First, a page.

Bautzen under Bohemian rule

The siege of Bautzen by Johann Georg I of Saxony in September 1620

In 1320, the Brandenburg line of the Ascanians died out, and Bautzen fell back to Bohemia. In 1326, Johannes de Boudissin , the ministerial dynasty of Baudissin who served at the castle , was mentioned for the first time. In 1346, under the leadership of Bautzen, the Upper Lusatian Union of Six Cities was founded, which played an important role in the history of the area in the centuries that followed. In 1405 there was a craftsmen's revolt against the city council of Bautzen, which could only be suppressed by the intervention of the Bohemian King Wenceslaus IV . In 1429 and 1431, Bautzen was unsuccessfully besieged by the Hussites . The Archangel Michael supposedly saved the citizens, after which the Michaeliskirche was built in his honor. Between 1469 and 1490 Bautzen belonged to Hungary together with the other Bohemian neighboring countries, fixed by the Peace of Olomouc in 1479 . A relief on the east side of the Matthias Tower still reminds of this today , showing the Hungarian king and the Bohemian counter-king Matthias Corvinus , who was elected by the Catholic estates . After his death, Lusatia came back to the Kingdom of Bohemia . The Ortenburg was under Bohemian rule until 1635 the official seat of the Upper Lusatian bailiff . The Sorbian Citizens' Oath ("Burger Eydt Wendisch") is the oldest written document in Upper Sorbian from the early 16th century . The Reformation prevailed between 1520 and 1525 . The collegiate chapter of St. Petri , like the Bohemian sovereign, remained Catholic and had been the Catholic diocese administration for the two Lusatia and the diocese of Meissen since 1567 at the latest . In 1547 Bautzen was hit by the Upper Lusatian Pönfall . In Bautzen, 1599–1604 witch hunts were carried out: three people were involved in witch trials , two women were beheaded. During the Thirty Years War , the city was besieged several times by the troops of Wallenstein , Saxony and Sweden . On May 2, 1634, the imperial colonel von der Goltz , who had captured Bautzen in November, had the remains of the suburbs burned down. The fire also spread to the city, killing 700 residents. In 1635 Bautzen came to Saxony with the Margraviate of Upper Lusatia. In 1638 the first hospital was built as a so-called Neuhaus on today's Behringstrasse.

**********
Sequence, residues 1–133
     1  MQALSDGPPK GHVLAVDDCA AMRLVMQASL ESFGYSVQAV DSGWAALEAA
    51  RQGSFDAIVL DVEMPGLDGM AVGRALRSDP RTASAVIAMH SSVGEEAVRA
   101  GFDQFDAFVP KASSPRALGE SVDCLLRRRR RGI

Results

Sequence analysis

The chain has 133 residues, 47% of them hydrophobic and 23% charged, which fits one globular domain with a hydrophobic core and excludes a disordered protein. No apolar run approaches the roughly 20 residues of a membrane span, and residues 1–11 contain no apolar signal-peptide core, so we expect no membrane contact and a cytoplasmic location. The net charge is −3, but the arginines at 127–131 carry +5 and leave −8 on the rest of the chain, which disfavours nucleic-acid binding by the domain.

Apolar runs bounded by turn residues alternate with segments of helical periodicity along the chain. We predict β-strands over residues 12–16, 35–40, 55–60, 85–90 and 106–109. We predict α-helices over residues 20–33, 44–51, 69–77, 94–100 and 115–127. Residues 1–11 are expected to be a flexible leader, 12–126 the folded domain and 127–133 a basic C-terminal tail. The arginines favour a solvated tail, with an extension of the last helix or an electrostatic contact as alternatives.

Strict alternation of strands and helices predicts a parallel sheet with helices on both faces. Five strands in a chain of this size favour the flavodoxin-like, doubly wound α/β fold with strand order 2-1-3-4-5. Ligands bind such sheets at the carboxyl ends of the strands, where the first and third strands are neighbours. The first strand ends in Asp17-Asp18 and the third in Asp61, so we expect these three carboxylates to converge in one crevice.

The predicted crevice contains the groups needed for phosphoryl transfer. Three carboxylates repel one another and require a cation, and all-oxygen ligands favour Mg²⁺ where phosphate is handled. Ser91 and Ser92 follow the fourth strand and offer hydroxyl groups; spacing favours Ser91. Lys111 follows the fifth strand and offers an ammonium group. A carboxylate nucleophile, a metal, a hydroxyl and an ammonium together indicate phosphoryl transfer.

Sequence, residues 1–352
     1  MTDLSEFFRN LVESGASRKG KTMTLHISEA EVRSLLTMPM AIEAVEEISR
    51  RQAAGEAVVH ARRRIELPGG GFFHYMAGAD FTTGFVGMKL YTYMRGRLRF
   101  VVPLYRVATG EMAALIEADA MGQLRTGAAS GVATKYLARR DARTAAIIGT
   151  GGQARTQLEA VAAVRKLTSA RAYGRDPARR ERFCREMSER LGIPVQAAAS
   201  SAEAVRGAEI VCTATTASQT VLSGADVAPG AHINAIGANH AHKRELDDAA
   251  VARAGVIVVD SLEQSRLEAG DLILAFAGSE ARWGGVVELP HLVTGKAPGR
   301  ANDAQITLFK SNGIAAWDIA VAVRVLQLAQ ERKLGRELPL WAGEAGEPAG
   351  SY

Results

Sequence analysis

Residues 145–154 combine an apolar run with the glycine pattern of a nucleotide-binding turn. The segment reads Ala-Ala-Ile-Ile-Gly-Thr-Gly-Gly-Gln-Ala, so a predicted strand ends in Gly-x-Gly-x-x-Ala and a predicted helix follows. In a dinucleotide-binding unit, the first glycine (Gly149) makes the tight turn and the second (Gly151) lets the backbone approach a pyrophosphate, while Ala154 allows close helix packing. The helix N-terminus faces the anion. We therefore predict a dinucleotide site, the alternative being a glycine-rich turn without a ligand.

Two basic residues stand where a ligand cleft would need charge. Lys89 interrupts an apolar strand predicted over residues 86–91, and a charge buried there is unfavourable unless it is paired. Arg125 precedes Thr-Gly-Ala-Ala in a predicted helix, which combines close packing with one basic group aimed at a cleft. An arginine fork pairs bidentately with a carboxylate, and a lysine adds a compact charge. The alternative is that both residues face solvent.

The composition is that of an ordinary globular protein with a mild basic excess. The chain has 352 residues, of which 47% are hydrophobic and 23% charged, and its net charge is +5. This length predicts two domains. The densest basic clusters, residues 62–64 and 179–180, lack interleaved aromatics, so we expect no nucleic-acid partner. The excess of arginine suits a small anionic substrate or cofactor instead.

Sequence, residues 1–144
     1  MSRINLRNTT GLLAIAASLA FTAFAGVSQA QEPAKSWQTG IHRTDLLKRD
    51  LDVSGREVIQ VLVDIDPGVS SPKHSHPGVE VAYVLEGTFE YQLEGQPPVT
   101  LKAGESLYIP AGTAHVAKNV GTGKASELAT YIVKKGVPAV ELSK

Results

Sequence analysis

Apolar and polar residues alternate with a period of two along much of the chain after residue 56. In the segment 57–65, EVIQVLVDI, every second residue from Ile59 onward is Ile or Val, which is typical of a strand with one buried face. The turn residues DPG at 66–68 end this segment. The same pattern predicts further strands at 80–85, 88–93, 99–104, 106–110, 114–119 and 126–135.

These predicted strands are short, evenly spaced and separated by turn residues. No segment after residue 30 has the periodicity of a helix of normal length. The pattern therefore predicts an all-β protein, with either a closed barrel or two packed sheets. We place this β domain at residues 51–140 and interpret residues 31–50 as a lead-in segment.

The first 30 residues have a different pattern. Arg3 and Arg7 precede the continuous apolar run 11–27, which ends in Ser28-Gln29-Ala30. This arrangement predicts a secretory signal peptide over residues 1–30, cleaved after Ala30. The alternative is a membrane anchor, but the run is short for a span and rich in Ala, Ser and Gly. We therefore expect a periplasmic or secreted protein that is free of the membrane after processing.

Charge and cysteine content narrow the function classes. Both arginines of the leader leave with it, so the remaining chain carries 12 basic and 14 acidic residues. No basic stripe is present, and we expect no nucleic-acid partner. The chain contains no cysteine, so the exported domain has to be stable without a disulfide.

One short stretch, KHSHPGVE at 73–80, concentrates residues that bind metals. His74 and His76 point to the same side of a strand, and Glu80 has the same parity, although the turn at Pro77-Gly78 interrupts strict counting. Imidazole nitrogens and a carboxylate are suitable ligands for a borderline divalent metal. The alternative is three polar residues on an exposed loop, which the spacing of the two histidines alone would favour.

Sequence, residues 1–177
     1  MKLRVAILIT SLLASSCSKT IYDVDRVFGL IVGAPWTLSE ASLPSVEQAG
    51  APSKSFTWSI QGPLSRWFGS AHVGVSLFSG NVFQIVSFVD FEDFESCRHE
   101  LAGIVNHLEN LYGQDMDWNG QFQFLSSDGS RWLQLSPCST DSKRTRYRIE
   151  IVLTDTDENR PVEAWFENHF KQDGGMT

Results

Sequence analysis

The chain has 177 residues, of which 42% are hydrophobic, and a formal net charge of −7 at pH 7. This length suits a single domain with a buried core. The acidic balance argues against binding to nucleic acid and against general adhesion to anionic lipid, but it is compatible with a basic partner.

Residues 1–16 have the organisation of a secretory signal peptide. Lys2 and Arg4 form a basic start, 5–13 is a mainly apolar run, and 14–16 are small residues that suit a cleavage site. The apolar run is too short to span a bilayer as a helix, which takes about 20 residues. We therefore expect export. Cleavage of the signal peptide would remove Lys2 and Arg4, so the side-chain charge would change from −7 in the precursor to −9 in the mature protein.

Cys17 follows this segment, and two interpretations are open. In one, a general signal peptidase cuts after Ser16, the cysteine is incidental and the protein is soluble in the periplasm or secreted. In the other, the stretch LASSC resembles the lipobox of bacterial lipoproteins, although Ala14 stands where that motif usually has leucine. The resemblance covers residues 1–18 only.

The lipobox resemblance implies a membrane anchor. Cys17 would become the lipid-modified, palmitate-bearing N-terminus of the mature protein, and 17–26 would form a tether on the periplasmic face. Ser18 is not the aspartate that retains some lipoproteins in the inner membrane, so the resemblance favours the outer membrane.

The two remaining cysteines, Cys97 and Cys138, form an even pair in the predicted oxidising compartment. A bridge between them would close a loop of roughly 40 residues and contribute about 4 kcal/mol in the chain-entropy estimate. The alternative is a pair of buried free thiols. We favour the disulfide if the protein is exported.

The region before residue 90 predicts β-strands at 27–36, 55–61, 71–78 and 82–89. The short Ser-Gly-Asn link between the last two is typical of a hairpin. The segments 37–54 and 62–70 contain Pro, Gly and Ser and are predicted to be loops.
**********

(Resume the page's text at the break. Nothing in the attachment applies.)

Bautzen under Saxon rule

View from the cathedral tower over the old town to the Czorneboh chain

In 1678, due to the great importance of the Margraviate of Upper Lusatia, an electoral post office was set up in the city. The rank of Bautzen as the capital of the margravate within Saxony was made clear, among other things, by the location of this electoral upper post office, a privilege that, apart from Bautzen, only Leipzig had. On April 22nd, 1709, there was the second big fire in the history of Bautzen, which destroyed large parts of the city and permanently changed the cityscape. It was not until 1780 that the “Voluntary Citizens Fire Compagnie” was founded, which is still one of the oldest in Saxony today. During the Wars of Liberation in 1813 the battle of Bautzen (which took place in the municipality of today's Bautzen and the neighboring villages to the east; called Bataille de Wurschen at the Arc de Triomphe ) between the anti-Napoleonic coalition and the French ended with the victory of Napoleonic troops. The Sparkasse was founded in December 1832 . In 1868 the city was officially renamed from "Budissin" to Bautzen. The construction of the Saxon state penal institution ( Bautzen I ) was completed in 1904 and operated as intended. The institution is popularly known as “Gelbes Elend” because of the yellow bricks used. Around the same time, the Bautzen II remand prison, which belongs to the district and regional court, was built . Around 1900 the Israelite religious community, which was established around the same time, set up a Jewish cemetery on Muskauer Strasse in front of the city . Their services took place in rented rooms. In 1915, the city of Saxony left the administrative authority of Bautzen and became a district free until it was reintegrated into the Bautzen district in 1946.